PHILADELPHIA, Aug. 9, 2012 /PRNewswire/ — Echo Therapeutics, Inc. (Nasdaq: ECTE), a company developing its needle-free Symphony® tCGM System as a non-invasive, wireless, transdermal continuous glucose monitoring system and its Prelude® SkinPrep System for transdermal drug delivery, today announced that Platinum-Montaur Life Sciences, LLC (Montaur) will provide Echo a credit facility of up to $20 million. The company believes that this transaction will provide Echo with the capital resources needed to implement Echo’s plans to commercialize Symphony.
Needle-Free Monitoring and Drug Delivery
Echo is developing its PreludeTM SkinPrep System to allow for painless and significantly enhanced skin permeation that will enable both needle-free drug delivery and analyte extraction. Utilizing this technology, Echo is also developing its needle-free SymphonyTMtCGM System as a non-invasive, wireless, transdermal continuous glucose monitoring (tCGM) system for use in hospital critical care units and for people with diabetes

Echo Therapeutics is a transdermal medical device company with deep expertise in advanced skin permeation technology. Echo is developing its Prelude® SkinPrep System as a platform technology to allow for significantly enhanced and painless skin permeation that will enable two important applications:
Needle-free drug delivery, with the delivery of lidocaine as the first application. Additional applications for painless, needle-free delivery of drugs are planned.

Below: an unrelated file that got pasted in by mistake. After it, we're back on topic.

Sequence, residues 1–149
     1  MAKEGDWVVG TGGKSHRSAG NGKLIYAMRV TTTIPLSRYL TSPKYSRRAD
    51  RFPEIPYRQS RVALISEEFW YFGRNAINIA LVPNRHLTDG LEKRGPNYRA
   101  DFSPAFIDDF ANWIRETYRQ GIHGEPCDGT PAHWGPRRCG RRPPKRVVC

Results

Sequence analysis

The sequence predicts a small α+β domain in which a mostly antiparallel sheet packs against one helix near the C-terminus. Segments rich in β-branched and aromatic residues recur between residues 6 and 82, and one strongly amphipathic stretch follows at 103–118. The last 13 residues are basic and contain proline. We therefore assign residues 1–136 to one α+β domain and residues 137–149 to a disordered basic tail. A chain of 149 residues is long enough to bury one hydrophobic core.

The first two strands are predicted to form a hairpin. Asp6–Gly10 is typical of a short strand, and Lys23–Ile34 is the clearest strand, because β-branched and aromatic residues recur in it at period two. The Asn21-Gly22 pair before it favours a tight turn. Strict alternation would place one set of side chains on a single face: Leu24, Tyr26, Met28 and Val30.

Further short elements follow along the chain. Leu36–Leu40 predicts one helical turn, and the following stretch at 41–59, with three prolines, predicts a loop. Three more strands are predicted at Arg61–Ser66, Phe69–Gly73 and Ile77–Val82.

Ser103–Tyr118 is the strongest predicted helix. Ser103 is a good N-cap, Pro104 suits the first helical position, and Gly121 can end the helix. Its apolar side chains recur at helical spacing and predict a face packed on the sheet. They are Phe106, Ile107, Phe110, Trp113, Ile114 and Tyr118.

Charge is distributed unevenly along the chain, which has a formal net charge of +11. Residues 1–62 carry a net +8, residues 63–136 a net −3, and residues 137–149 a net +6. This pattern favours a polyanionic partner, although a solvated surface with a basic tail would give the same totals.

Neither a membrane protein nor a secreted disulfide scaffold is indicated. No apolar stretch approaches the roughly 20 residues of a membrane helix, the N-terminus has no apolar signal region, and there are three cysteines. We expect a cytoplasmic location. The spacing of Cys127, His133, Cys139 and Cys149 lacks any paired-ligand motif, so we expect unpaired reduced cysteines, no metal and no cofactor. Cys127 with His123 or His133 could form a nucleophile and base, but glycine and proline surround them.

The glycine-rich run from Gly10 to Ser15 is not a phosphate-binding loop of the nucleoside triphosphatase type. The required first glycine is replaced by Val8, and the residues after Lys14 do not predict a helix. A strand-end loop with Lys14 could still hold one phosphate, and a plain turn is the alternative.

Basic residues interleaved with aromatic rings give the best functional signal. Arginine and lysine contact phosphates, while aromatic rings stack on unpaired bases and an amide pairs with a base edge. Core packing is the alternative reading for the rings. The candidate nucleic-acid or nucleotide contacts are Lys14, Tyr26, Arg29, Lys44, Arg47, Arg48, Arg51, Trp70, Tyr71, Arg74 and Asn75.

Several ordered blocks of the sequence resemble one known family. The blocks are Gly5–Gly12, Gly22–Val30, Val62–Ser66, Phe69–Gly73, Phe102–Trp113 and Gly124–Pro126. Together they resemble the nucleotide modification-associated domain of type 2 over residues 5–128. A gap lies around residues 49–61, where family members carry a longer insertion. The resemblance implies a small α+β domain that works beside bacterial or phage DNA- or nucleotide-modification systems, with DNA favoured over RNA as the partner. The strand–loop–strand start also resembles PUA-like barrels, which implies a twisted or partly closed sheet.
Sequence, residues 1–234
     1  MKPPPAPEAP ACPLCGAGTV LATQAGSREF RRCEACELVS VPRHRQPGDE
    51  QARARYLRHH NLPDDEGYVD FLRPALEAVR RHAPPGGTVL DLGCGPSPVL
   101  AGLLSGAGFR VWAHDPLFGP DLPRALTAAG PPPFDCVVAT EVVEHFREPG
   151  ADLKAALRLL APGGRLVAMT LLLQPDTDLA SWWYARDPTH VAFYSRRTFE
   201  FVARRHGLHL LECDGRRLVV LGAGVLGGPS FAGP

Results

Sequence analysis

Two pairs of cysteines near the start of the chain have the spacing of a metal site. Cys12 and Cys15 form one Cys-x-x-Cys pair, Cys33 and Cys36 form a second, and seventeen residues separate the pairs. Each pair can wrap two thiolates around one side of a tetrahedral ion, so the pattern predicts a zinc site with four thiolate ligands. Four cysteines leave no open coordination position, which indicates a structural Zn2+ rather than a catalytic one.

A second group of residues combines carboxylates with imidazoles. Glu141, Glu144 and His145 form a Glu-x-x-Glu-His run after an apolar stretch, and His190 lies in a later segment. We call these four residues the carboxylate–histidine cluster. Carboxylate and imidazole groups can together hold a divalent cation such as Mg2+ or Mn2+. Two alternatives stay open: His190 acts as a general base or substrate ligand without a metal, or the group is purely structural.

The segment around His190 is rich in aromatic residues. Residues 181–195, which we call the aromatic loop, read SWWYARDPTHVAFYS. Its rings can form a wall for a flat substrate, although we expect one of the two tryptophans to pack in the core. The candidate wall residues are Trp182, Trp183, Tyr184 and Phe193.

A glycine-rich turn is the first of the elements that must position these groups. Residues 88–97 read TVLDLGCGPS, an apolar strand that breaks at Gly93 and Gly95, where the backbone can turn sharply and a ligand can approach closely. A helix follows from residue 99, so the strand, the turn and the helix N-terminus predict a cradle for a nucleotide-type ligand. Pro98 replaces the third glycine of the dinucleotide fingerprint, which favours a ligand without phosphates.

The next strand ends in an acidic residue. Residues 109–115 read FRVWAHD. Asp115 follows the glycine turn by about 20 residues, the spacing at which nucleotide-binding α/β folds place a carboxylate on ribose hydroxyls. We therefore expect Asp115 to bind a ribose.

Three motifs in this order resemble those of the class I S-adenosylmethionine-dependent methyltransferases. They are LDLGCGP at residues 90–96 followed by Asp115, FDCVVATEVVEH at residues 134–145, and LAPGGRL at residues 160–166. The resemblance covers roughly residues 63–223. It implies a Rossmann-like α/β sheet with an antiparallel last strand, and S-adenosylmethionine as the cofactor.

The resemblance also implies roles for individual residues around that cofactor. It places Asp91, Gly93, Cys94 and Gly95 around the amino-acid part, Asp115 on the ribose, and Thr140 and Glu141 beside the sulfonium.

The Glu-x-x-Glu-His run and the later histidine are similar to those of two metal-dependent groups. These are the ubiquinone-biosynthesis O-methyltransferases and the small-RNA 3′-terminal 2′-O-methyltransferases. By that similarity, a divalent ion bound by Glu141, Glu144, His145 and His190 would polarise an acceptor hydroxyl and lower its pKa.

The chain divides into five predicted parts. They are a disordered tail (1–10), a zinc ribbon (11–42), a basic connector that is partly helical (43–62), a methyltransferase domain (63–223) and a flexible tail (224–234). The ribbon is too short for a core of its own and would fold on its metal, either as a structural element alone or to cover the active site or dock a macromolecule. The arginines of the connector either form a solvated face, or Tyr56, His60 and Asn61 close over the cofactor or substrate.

Analyte extraction, with the Symphony® tCGM System for needle-free, continuous glucose monitoring in hospital patients as the first application.

Echo believes that transdermal drug delivery and analyte monitoring is a much better way of patient care than the current paradigm of invasive, needle-based therapy. Prelude has the potential to provide a safe, painless, easy-to-use and cost effective skin permeation process that Echo believes will increase patient comfort, compliance and ultimately patient outcomes.
According to the ADA, the cost of diabetes care in the United States in 2007 was more than $174 billion, including $116 billion in excess medical expenditures attributed to diabetes and $58 billion in reduced national productivity. The ADA estimates that people with diabetes, on average, have medical expenditures that are approximately 2.3 times higher than the expenditures would be in the absence of diabetes and that approximately $1 in $10 healthcare dollars is attributed to diabetes. A significant portion of overall diabetes care costs, approximately $10 billion according to industry sources, is attributable to costs associated with monitoring blood glucose levels.


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